We seem to be a nation that loves to benchmark ourselves to the global market and so it was naturally of interest to see the latest analysis by The Economist of the trends in global house prices.
The analysis is very timely as there has been some very interesting articles recently on both the NZ and Australian property market and the speculation as to the emergence (in the case of Australia) of a property bubble and in the case of NZ the continuance of a bubble.
The data utilised in the Economist article provides insight across 22 countries, across all continents and highlights recent price trends as well as long term trends and an insight into their evaluation of whether property prices are overvalued or undervalued and by how much. Certainly the picture of NZ is not certain as to future trends, but measured against other developed western economies our position is not out of line.
Recent price movement
The past year based on Q3 data for 2010 vs Q3 data for 2009 shows that from the chart below a large number of countries have seen property price appreciation. NZ has seen a 3.4% appreciation (QV data). The comparable REINZ stratified price data shows just a 0.47% appreciation based on actual sales price.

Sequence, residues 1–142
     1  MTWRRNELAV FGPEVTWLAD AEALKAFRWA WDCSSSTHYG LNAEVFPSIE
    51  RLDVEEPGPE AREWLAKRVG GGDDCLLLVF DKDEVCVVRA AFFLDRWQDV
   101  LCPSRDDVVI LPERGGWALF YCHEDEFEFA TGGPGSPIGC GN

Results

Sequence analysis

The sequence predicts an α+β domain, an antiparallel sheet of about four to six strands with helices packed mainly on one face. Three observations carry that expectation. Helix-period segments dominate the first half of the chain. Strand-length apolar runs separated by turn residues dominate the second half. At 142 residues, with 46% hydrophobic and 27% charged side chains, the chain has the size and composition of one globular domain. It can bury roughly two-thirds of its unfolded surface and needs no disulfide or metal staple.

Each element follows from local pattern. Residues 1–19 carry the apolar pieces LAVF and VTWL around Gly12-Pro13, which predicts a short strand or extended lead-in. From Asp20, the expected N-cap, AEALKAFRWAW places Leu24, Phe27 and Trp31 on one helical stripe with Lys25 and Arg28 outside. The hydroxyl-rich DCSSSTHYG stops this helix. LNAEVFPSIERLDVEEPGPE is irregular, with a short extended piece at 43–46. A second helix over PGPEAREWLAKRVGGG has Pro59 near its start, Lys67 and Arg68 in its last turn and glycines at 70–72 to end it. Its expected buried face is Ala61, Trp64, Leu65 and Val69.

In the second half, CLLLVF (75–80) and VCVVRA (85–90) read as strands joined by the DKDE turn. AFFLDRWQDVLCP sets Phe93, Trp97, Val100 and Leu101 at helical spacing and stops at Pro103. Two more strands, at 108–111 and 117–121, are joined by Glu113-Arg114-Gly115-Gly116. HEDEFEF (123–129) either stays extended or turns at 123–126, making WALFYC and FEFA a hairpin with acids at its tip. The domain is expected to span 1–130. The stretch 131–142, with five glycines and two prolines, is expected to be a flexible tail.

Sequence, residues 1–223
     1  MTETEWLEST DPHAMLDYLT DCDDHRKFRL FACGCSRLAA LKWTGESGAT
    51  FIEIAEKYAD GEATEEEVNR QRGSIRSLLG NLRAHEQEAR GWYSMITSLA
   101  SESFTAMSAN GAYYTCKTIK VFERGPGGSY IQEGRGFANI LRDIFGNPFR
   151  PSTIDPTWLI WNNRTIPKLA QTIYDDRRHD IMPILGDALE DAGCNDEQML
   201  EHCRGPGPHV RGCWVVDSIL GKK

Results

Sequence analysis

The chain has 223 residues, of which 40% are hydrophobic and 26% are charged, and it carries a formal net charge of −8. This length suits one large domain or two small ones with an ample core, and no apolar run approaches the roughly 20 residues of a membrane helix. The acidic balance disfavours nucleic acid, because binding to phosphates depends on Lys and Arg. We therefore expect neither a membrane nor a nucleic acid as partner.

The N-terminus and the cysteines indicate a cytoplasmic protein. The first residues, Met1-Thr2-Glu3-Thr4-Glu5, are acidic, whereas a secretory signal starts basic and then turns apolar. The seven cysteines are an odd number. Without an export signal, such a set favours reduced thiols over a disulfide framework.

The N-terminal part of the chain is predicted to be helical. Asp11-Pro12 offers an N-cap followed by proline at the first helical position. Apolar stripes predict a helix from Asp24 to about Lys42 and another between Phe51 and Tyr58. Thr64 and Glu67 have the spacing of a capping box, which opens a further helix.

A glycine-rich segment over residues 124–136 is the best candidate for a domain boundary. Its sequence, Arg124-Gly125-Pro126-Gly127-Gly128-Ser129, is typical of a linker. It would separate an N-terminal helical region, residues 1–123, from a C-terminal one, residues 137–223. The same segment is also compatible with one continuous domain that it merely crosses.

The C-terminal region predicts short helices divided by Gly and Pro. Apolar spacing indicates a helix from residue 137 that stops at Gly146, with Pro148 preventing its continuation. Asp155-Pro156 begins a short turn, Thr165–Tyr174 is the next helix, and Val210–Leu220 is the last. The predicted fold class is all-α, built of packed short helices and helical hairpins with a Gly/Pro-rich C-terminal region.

The comparable position of Singapore, Hong Kong and Australia is significantly different with appreciation over the past year of over 15%. At the the other end of the spectrum the woes of the Irish property market continue to be felt with a 17% year on year decline.
Long term property appreciation
Taking the period of 1997 to 2010 shows in the chart below a consistent global appreciation with the majority of countries seeing around a doubling of value. Clearly the performance of the past 2 years will have depressed some of these performance numbers. NZ sits again firmly at the median point with a period appreciation of 108%. Again using the REINZ stratified house price analysis this appreciation was 109.6%.
The most interesting analysis is undoubtedly the evaluation as to how over priced (or under priced) each countries properties are. New Zealand is judged to have property prices over priced by 20% as shown in the chart below.
This places NZ bang on the median spot on the podium with Australia taking its usual gold medal with property prices accessed as 63.2% over priced. It is interesting also to see our often comparatively benchmarked country of Ireland being judged as 13.2% overpriced – that after seeing a year on year negative appreciation of 17%. Just shows the extent to which that country’s property market had bubbled up in the past decade.